“Reno is a place that embodies ideas of Western idealism, the frontier spirit, of transience and the gambler’s impulse to risk everything for the chance at a better life. It was founded as a toll, a passage across the Truckee River, and on silver from the Comstock Lode. In Reno I attempt to come to terms with the defining force of place while returning to my own experience of being a wanderer, a state that obscures identity and embodies what it means to exist outside the codified order of the defined.”
Woohoo! The press keeps rolling in for our Spring 2010 line! This week has seen a number of other excellent reviews, including a mention by TWBE that Ben Tegel’s t-shirt, “Greetings from LA” above, looked as “if Paris Hilton turned into Heidi Montag.” I’d say that’s pretty accurate. Other great reviews from Spanky Stokes & Addicteed. Thanks guys, for the blog love!
Japanese photographer Daikichi Amano creates strangely sexual tableux that bring to life the ancient woodblock tradition of “Shunga” erotica. Vaulting bizarre fetishes to the next level, animals twist into obscure props in some kind of alternate world vision, in which powerful sirens are enveloped by sea creatures and warriors posture. Amano’s White Witch parallel universe is as enchanting as it is macabre. The figures all have a certain allure and potency radiating from them that I can’t explain…. I read somewhere that Amano eats all the animals after the shoots so as to not waste them in a weird, extended, Tantric-magician performative move, perhaps….
Tim Noble and Sue Webster are a creative duo who assemble trash heaps that project shadows of recognizable—and often grotesque—forms: lumps of scrap metal cast the shapes of fornicating rats, and elsewhere shattered wood pieces align into a bickering couple. As a critique of human consumption and waste, their work falls under the category of “Gluttony” in Beautiful/Decay’s Book 9: “The Seven Deadly Sins.” Also featured in Book 9 are Tom Dilly Littleson’s wrathful portraits of self-mutilation (who we wrote about last August) and illustrator Brendan Danielsson’s crude, bloated portraits of sloth.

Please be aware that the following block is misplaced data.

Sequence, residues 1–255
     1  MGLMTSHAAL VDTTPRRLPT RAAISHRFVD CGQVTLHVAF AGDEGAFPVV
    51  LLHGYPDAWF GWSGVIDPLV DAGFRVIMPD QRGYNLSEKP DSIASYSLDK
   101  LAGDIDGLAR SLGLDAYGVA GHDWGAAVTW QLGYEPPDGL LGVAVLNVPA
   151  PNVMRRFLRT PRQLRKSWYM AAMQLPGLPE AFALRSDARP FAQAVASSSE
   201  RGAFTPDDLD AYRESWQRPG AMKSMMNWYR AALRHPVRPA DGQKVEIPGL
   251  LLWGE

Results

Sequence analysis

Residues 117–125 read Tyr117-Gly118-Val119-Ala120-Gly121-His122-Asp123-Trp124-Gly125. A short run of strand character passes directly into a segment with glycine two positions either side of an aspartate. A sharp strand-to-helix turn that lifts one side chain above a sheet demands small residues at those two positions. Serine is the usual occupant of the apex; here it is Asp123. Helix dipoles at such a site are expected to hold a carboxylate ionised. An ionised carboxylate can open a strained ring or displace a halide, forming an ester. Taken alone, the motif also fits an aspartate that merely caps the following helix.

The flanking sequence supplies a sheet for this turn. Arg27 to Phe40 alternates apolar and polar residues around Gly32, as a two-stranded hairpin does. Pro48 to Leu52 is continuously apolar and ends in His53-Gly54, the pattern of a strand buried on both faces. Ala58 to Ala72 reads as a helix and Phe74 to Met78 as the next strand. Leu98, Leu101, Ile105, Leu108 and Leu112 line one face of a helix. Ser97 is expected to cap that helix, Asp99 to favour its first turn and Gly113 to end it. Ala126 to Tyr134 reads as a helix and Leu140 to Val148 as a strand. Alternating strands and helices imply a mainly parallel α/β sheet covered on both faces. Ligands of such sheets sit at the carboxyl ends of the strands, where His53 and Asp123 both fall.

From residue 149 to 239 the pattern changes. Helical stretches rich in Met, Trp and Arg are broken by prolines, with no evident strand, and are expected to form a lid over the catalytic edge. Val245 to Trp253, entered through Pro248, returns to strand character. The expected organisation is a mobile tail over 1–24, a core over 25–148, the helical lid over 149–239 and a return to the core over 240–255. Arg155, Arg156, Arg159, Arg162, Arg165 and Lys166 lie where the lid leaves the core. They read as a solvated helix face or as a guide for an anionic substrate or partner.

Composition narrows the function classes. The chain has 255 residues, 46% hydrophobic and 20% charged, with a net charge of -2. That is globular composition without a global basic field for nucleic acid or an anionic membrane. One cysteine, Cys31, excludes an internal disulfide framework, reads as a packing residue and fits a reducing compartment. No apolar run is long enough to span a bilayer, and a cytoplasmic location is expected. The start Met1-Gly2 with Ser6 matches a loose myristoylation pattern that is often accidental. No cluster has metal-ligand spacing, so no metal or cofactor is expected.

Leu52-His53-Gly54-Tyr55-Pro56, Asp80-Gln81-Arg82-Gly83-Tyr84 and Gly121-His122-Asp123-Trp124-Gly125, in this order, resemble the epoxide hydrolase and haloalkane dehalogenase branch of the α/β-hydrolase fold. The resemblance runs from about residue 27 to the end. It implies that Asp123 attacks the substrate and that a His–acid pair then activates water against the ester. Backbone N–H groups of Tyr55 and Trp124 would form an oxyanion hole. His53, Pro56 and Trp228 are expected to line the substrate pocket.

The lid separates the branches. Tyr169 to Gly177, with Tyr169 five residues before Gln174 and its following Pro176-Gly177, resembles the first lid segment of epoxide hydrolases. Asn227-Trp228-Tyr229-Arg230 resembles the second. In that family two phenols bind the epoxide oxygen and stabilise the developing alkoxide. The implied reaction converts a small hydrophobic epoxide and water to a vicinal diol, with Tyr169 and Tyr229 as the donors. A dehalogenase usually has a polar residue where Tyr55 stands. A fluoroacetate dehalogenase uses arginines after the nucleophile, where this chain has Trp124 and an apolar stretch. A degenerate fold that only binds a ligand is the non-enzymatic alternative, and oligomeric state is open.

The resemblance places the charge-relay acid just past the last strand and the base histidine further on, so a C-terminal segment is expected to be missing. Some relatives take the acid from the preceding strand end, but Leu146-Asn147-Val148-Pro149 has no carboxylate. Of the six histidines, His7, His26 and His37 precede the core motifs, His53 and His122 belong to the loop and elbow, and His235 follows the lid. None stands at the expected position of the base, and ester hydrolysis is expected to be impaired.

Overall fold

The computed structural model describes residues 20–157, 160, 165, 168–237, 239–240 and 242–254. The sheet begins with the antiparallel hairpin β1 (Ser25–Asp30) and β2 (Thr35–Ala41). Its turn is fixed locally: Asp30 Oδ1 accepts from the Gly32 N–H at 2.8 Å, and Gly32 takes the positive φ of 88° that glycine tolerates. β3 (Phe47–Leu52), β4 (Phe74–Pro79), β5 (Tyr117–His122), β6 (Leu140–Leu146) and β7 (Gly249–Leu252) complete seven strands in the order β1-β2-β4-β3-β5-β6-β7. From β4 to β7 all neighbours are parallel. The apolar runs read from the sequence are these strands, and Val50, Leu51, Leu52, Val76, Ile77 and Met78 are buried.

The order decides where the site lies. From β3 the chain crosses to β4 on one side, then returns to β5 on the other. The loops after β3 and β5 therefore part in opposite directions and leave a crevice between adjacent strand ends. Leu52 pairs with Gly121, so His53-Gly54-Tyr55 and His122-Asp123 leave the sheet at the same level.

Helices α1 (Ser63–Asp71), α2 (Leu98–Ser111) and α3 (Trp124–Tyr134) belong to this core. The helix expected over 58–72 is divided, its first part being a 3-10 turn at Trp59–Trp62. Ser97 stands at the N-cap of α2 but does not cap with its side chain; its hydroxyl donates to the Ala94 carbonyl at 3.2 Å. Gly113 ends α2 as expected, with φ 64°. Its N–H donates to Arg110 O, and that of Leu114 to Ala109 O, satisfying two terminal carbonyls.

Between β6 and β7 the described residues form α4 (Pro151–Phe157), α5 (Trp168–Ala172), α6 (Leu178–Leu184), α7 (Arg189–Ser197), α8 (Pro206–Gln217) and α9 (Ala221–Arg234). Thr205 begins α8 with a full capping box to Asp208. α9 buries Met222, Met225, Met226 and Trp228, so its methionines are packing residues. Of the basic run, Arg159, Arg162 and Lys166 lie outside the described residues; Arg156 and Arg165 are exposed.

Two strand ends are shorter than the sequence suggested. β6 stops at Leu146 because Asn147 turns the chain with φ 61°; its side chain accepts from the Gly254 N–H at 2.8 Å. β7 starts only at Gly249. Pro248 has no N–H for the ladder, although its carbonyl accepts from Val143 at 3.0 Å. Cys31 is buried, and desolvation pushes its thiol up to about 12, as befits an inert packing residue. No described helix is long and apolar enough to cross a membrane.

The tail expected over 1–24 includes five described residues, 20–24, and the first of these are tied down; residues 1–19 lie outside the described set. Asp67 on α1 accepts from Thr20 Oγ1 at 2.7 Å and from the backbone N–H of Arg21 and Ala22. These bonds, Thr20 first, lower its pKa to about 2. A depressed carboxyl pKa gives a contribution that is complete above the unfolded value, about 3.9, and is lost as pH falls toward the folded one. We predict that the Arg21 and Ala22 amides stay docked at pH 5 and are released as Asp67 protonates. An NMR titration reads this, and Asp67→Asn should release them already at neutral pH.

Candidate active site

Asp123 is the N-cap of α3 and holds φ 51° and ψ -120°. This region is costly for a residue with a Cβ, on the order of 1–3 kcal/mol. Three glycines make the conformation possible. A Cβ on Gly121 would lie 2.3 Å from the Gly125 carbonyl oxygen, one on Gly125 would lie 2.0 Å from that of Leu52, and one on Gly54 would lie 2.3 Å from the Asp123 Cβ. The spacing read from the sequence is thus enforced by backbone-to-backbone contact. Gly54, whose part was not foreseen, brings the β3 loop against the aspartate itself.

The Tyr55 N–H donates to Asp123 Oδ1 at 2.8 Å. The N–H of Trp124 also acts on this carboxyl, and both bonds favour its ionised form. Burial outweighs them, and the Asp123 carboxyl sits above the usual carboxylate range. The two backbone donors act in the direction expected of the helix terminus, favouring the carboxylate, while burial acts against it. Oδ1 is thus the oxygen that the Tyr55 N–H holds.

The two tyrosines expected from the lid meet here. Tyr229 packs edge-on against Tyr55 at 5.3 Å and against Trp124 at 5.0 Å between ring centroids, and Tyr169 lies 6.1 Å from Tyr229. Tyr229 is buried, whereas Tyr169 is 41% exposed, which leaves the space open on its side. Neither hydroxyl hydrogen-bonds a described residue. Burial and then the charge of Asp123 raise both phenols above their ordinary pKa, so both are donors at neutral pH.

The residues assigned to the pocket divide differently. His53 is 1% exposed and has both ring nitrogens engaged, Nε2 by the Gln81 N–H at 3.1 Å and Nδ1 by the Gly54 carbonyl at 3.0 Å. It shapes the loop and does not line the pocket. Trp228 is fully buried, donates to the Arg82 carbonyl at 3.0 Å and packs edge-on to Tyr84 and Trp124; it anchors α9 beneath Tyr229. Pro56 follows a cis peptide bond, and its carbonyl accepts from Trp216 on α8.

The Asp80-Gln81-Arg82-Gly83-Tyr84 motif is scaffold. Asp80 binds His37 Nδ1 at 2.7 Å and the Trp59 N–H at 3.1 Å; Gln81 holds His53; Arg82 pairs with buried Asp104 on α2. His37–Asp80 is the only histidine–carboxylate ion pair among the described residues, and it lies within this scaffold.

The concept of gluttony in Noble and Webster’s works arises from the idea of “perceptual psychology,” which concerns itself with how humans identify and interpret images. As it states on their biography page:
“Noble and Webster are familiar with this process and how people evaluate abstract forms. Throughout their careers they have played with the idea of how humans perceive abstract images and define them with meaning. The result is surprising and powerful as it redefines how abstract forms can transform into figurative ones.” (Source)
The junk heaps and their shadows produce startlingly different (yet somehow thematically similar) images—a ball of congealed road kill, for example, projects a human head impaled on a stake. This disparity compels the viewer to produce an interpretation and discern how the images are related. Bridging the gap, one may read the figurative signs of human over-indulgence, waste, and destruction.
To learn more about Noble and Webster and how other contemporary artists explore the seven deadly sins, grab a copy of Beautiful/Decay’s Book 9. Limited copies are still available at our shop.
If there is an artist known for documenting other artists’ work habits and studio spaces, it’s Joe Fig. Definitely do yourself a favor and check out the sculptures on his website, they’re amazing. In Joe Fig: New Paintings, up until April 9th at Cristin Tierney, Fig takes us on a detour to another time and has painted dudes you might recognize from Art History 101, and also some that are more obscure. By placing them in scenarios where they are either in front of a mirror and painting their self-portrait, or surrounded by art; Fig has made paintings of people who are looking. Putting us into a position where we are looking at them looking.